Timur knows well the darker side of the pandemic – several of his key contacts have died from Covid-19. 

“They are with the Lord,” he shares. “But here on the earth, we don\'t have them with us anymore. Most of them left families. All of them were active in ministry, all of them were young – just 35 to 45.” One of them was married with five children. “He was preaching in the hospital, even in the last hours of his life. He was still trying to reach out to his neighbour in the hospital.”

For Timur and other Christians, whilst there is acute pain over losing people so dear to them, there is tremendous hope in knowing they\'ll one day see them again.

Sometimes Timur questions why God allowed these faithful believers to die. But he is finding that in trust there is overwhelming peace. “God gives a deep peace that He is in control,” he says. “He knows, He\'s in charge.”

Believer sells fridge and furniture but still doesn\'t have enough to feed children

Many governments, not knowing what to do, initiated strict lockdown measures. In Uzbekistan, people couldn’t even leave home to get food. Marketplaces, which economies and livelihoods rely upon, emptied as personal interaction became unsafe. 

“We would have so many calls from our brothers and sisters who said to us, ‘We are going to sell our furniture,’” Timur relates. “One sister called me and said, ‘I\'ve already sold my fridge, some other furniture, but we still don\'t have enough to pay rent, and I don\'t have enough money to feed my children. Could you please do something and help? Or at least pray.’ She was crying.

“We had these kinds of messages quite often,” Timur says. “It was quite a heavy experience. It felt like a disaster – on the church, on families, on people who we know.”

Sadly, as has happened across the world, following Jesus has led to many being overlooked in the distribution of aid. Across Central Asia, many believers from Muslim backgrounds have been denied help by their Muslim communities. One group of believers were not given food packages by their community, leaving them to survive by eating grass. Thankfully, Open Doors local partners have since been able to provide them with food.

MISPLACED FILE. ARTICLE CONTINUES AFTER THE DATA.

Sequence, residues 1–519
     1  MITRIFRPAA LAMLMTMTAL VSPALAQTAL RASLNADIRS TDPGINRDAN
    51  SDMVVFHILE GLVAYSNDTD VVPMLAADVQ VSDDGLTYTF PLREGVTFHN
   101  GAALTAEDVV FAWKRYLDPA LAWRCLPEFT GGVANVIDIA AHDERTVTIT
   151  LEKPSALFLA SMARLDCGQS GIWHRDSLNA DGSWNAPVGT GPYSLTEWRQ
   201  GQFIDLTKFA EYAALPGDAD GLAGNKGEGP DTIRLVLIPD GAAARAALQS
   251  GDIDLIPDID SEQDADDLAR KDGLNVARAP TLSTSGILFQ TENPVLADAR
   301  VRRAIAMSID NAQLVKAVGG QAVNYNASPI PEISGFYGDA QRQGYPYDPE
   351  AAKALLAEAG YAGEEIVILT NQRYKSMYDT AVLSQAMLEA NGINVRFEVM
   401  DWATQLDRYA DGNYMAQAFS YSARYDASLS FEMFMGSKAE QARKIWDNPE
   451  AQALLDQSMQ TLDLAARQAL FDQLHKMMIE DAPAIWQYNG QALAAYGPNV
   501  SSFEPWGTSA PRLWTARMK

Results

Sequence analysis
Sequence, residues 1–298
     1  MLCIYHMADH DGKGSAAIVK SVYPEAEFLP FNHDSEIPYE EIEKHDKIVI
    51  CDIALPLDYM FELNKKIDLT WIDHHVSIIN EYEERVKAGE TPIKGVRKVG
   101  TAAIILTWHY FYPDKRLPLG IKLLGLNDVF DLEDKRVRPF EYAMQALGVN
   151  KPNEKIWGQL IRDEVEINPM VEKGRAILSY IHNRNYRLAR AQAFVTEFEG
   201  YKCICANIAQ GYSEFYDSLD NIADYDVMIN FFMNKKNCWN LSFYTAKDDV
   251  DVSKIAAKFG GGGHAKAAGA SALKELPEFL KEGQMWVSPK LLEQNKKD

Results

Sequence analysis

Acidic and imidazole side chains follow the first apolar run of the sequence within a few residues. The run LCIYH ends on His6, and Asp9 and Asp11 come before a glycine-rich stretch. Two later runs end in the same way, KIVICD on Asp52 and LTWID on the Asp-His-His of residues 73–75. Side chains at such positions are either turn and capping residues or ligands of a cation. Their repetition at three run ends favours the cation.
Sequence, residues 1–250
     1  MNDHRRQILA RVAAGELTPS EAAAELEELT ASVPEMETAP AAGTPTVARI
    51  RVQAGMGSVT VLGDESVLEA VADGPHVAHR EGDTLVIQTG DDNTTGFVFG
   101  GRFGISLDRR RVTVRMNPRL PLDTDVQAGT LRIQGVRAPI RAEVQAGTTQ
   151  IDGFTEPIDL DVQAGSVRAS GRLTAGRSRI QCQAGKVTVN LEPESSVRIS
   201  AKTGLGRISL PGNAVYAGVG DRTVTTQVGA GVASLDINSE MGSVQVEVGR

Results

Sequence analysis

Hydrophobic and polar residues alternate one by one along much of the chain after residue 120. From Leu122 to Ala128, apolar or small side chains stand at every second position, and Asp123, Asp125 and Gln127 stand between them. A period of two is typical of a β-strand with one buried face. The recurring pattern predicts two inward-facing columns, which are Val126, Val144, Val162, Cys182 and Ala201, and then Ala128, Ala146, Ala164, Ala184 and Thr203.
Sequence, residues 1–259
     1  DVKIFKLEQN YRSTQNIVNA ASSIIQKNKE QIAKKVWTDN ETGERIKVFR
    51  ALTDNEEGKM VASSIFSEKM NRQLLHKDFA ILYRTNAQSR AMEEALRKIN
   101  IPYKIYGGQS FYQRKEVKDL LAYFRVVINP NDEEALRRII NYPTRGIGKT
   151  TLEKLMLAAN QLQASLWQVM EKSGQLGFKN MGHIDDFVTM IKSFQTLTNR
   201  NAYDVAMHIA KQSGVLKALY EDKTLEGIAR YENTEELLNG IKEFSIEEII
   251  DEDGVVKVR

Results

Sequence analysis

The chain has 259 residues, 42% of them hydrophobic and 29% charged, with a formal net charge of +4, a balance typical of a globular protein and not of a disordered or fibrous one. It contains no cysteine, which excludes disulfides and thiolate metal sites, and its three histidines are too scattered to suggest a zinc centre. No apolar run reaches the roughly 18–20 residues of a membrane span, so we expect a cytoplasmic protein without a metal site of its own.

‘Thank you very much to each of you’

Timur closes with a word of gratitude for you. “We are very thankful that, even though we have never met personally, we feel your presence and love and faith in God, and we are very encouraged by this. There will be some day in heaven when we will spend a lot of time talking, looking back on the joys and on the work we could do together.”

*Name changed for security reasons


  • Give thanks to God for the remarkable opportunities that have opened up in Central Asia to talk about Jesus – please pray that this will continue and lead to a bountiful harvest of people coming to know Jesus.
  • For protection, strength and wisdom for local partners as they serve in the region, and for complete healing for all those infected with Covid-19.
  • That all believers suffering financial hardship because of the pandemic will have all their needs met.